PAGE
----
Dealing with the Side Effects of
Motion sickness medication is known to cause an array of side effects, which can differ greatly from person to person. You may be lucky and never experience any side effects at all, but 'forewarned is forearmed', and if you know what to expect you'll be better prepared to deal with it.
Motion Sickness Medication
Side effects from motion sickness medications can occasionally be very serious, so it's important to recognize when to discontinue use of your medication and get help.
A figure frequently mentioned in the medical literature is that more than 50% of people taking motion sickness medication will experience at least one of the following:
- Drowsiness (sometimes extreme)
- Dry mouth and unusual thirst
- Blurred vision
These are all temporary effects and under normal circumstances you shouldn't be unduly worried. Some people, however, just can't tolerate how they feel while on motion sickness medication, and in that case - and particularly if you are actually feeling unwell - it is always better to discontinue the medication and then, if at all possible, seek medical advice. Note that all these side effects can be triggered and/or made worse by alcohol, and in some cases caffeine, so it is wise to avoid both.
is obviously best dealt with by resting or - if you are on a cruise - retiring to bed. However, if you're on a once in a lifetime trip, an overwhelming need to sleep can be extremely inconvenient. You may find that the drowsiness is particularly pronounced shortly after taking the medication, in which case you could try taking it just before going to bed.
can be distressing, but many people have told me that they happily choose it over full-on motion sickness. Be especially careful when getting out of bed, sitting down and standing up, on stairs and near any machinery.
A dry or slightly numb mouth
is just a mild annoyance for most people, but do keep well hydrated, taking frequent sips of water (not caffeinated drinks or alcohol!). Sucking on ice may bring some relief, as may chewing gum or sucking hard candy.
- caused by your pupils dilating - can be distressing, particularly if you're on a lengthy trip and love to read! The blurring tends to be particularly pronounced with close vision, and some people find it really hard to tolerate. Others, however, accept it as the price to pay for avoiding full-blown motion sickness. As noted above, if you're using the Transderm-Scop patch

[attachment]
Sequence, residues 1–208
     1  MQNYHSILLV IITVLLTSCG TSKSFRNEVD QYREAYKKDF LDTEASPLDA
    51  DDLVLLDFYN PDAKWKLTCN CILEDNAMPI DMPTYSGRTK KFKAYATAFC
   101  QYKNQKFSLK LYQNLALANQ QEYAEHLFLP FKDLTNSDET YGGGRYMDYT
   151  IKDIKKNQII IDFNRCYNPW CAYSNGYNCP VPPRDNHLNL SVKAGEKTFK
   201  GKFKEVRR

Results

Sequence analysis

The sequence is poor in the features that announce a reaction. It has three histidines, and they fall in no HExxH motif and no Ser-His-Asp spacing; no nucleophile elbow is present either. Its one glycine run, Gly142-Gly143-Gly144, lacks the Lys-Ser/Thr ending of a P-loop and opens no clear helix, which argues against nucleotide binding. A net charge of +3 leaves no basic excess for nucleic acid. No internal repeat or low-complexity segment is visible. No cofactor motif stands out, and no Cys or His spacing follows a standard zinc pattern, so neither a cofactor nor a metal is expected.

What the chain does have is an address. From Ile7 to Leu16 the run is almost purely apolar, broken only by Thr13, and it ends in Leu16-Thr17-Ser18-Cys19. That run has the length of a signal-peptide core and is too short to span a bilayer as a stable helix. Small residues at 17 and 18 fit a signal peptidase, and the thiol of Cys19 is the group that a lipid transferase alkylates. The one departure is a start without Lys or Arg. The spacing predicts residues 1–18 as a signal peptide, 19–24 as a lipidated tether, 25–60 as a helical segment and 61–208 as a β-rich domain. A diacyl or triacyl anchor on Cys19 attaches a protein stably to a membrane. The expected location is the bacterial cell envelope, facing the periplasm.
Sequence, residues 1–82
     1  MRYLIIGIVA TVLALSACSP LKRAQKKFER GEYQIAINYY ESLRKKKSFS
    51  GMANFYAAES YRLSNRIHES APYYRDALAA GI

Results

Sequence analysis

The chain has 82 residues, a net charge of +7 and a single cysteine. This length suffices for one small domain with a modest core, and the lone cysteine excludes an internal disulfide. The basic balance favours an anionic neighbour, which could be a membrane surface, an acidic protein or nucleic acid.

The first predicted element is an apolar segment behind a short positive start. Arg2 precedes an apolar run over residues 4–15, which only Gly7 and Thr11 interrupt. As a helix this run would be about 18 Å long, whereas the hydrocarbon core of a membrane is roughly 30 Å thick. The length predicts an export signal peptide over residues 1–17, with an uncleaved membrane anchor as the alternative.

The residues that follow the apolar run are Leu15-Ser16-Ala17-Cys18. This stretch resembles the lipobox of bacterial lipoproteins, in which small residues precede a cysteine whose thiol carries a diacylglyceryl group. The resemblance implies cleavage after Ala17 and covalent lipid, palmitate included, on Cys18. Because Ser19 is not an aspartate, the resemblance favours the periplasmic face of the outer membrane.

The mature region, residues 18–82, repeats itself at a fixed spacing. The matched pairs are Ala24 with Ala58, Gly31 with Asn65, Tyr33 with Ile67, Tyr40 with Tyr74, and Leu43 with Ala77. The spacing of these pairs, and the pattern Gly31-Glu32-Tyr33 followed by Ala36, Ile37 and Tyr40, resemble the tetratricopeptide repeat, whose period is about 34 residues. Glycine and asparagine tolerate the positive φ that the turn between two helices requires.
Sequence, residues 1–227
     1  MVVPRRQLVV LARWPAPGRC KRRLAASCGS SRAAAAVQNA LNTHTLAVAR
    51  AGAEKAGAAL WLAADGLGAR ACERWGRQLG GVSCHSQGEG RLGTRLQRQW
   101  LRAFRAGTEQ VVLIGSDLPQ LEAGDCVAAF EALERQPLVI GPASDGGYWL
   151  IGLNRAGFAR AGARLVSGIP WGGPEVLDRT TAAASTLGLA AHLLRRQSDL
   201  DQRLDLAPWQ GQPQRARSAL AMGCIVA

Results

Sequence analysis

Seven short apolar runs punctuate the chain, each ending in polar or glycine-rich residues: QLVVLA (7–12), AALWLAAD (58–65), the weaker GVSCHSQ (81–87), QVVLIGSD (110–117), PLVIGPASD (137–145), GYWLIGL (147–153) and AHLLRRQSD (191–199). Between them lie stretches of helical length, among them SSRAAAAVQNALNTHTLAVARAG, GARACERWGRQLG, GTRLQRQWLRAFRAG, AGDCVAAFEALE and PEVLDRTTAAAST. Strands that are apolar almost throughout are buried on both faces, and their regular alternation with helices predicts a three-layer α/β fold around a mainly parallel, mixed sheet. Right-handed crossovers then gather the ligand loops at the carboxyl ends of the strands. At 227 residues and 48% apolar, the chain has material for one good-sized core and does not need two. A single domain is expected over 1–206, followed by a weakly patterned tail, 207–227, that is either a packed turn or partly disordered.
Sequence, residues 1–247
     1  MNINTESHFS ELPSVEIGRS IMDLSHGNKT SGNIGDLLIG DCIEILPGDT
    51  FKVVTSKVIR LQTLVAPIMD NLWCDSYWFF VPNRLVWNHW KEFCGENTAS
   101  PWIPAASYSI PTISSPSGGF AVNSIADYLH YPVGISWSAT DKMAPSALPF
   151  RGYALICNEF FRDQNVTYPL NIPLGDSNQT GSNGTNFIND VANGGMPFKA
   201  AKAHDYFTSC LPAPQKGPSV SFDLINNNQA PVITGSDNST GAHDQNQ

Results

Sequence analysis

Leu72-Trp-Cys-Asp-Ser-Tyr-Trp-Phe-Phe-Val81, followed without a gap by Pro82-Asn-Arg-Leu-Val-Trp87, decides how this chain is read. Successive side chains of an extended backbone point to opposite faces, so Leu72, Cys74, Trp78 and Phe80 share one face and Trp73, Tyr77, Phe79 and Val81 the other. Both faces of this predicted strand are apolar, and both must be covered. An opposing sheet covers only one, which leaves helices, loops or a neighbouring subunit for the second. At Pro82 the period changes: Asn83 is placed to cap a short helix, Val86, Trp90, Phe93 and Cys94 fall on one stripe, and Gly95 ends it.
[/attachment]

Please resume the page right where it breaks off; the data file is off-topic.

, make sure to wash your hands very thoroughly after applying or removing the patch. Touching your eyes with residue from the patch still on your fingers is a sure route to seriously blurred vision.
is never pleasant, but there are numerous effective treatments available, both medicated and herbal. Do check that any medicated remedies you use are compatible and safe to use with your motion sickness medication. It is also important to stay well hydrated and eat high fiber foods.
Allergic reaction and other serious side effects
On rare occasions, motion sickness medication side effects can be very serious, and even life threatening. Get medical help immediately if you suspect that you are having an allergic reaction
to your motion sickness medication. Typical signs include red itchy rashes, respiratory problems and difficult or painful breathing, and swelling on your face, throat, mouth or lips.
Some motion sickness medications can also severely impair your judgment and cause confusion, disorientation and even hallucinations. This appears to be more common in more elderly people, and should be taken seriously. Discontinue the medication and get medical advice as quickly as possible.
Serious side effects and adverse reactions to medication should always be reported: